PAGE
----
Great first question. There are so many. The ‘smartest’ movies I can think of right now include Christopher Nolan’s The Prestige, and The Disappearance of Alice Creed, which was incredibly smart and well written. These two films were dramatic thrillers, but I actually feel that comedy is some of the most difficult to write – it has to be smart and well-written, and generally, a brilliant mind must be behind a comedy to successfully pull it off. Creating original characters, situations, and dialogue that makes us laugh, and that we haven’t seen before, is an incredible feat.

2. How’d you get your start reading scripts?

I got my start reading scripts by writing scripts. For years, I was writing and sharing my work with others in my writing groups. At the time, I didn’t understand the value in reading, but the group I joined took turns reading a screenplay each week for a film that had been recently produced. Reluctantly, I started to read other screenplays. I just wanted to create new material and share script notes by reading each other’s screenplays, not spend my time reading the screenplays for movies that had already been produced. I thought it was going to be a waste of time when I could just watch the films. But that was when my world changed.

When you read scripts, you learn a rhythm and start to see the style in which a writer puts their words on the page. You see how evocative language and onomatopoetic words like ‘sizzle’ and ‘slap’, make your script come alive visually on the page, and in your mind’s eye. When you read other scripts, you discover and absorb lessons that you automatically start applying to your own work. And you are a better writer because of it, thanks to the work of other writers. It’s invaluable to your own development as a writer.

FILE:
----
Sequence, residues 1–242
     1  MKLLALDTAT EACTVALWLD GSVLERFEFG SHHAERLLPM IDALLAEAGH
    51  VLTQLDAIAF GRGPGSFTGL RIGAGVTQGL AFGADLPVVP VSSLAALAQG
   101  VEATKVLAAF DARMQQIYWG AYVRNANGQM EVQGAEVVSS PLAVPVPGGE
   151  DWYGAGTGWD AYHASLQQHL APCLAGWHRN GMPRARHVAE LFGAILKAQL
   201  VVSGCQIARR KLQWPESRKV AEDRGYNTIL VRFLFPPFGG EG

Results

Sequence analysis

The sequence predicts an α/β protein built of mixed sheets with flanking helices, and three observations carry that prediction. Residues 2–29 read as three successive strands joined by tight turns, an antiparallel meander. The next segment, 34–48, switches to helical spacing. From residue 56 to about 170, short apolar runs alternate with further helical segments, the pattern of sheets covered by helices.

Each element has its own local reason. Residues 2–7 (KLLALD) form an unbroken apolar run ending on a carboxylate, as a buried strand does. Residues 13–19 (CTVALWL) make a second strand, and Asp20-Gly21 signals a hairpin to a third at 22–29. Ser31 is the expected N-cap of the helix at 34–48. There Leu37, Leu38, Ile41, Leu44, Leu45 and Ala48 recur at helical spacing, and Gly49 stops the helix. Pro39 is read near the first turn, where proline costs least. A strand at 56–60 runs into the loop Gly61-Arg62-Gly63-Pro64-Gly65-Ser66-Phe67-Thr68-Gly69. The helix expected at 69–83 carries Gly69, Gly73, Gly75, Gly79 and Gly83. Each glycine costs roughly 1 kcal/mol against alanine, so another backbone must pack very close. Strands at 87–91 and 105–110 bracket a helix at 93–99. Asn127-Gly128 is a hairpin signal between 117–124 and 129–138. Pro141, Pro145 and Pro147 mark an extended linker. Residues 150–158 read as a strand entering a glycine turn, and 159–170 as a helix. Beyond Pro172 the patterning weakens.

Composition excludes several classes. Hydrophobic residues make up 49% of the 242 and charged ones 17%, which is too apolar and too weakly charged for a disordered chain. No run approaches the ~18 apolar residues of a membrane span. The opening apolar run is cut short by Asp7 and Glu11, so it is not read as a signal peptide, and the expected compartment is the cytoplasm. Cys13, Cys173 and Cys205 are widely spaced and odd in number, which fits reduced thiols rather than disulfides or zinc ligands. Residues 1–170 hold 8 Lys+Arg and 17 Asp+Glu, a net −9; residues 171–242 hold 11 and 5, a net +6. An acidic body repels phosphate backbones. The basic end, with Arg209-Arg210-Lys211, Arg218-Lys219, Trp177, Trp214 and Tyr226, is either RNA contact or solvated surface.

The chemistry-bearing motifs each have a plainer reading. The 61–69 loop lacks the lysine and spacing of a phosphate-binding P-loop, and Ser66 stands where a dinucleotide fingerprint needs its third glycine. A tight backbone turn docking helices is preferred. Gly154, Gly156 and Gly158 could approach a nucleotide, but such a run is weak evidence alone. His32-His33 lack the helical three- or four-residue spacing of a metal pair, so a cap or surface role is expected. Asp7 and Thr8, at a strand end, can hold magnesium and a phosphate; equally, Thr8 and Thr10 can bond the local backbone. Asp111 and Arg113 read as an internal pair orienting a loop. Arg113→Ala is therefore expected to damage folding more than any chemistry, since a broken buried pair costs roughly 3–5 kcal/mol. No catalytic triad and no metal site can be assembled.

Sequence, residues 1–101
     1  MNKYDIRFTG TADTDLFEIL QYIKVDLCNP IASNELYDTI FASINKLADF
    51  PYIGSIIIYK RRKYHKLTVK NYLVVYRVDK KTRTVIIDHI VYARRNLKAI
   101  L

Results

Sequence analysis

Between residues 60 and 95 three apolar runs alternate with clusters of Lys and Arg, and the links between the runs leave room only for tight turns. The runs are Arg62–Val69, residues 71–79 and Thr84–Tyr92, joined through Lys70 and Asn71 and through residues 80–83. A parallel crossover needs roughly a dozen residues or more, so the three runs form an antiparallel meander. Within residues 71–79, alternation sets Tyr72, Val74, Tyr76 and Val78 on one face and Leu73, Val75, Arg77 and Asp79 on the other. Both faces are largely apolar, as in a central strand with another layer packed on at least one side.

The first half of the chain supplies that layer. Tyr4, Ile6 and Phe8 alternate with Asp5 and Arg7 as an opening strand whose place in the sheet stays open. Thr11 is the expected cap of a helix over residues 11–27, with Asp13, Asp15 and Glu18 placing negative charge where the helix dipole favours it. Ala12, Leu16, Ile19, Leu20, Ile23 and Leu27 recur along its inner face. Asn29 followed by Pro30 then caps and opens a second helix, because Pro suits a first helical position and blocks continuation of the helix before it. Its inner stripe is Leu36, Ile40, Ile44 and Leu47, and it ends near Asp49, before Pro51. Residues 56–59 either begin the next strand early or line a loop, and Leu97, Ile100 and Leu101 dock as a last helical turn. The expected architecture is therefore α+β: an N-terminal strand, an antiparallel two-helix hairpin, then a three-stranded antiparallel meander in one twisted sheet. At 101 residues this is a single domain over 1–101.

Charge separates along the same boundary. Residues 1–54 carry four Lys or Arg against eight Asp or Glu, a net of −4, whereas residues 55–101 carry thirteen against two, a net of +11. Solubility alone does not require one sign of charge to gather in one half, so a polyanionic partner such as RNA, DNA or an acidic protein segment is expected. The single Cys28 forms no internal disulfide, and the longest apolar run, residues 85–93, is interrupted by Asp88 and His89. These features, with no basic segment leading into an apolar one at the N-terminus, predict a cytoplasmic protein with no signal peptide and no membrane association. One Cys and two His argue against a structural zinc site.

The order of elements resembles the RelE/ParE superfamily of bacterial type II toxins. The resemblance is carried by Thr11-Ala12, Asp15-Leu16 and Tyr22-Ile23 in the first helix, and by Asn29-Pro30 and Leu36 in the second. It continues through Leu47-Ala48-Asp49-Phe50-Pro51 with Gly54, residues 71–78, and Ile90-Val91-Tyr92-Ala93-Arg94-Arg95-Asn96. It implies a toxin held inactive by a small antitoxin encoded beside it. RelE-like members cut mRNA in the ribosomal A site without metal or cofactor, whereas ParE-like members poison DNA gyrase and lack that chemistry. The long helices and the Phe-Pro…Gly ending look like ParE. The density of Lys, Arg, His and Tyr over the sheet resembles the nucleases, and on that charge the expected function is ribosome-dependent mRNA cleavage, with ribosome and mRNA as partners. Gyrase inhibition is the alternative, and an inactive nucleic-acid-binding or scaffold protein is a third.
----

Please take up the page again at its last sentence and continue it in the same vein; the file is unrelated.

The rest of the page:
3. Is recognizing good writing something you think can be taught or learned?

Physical limitations are an interesting thing. I love to play soccer, but I know I’m not the best player on the field. My coach can make me run drills, and practice for hours, but my skill level is only going to get me so far compared to others, because there are others who are simply more skilled and talented than I am.

Writing is the same way. Same with math, with physics, with music, art, or sports, or anything really. Someone’s physical brain or body has developed in such a way that they are stronger at a certain skill than someone else.

What really matters is attitude and perseverance. Good writing can be taught or learned, but there has to be a certain level of natural ability and talent in the first place. And then there has to be a passion behind whatever skill you have to really drive success at anything.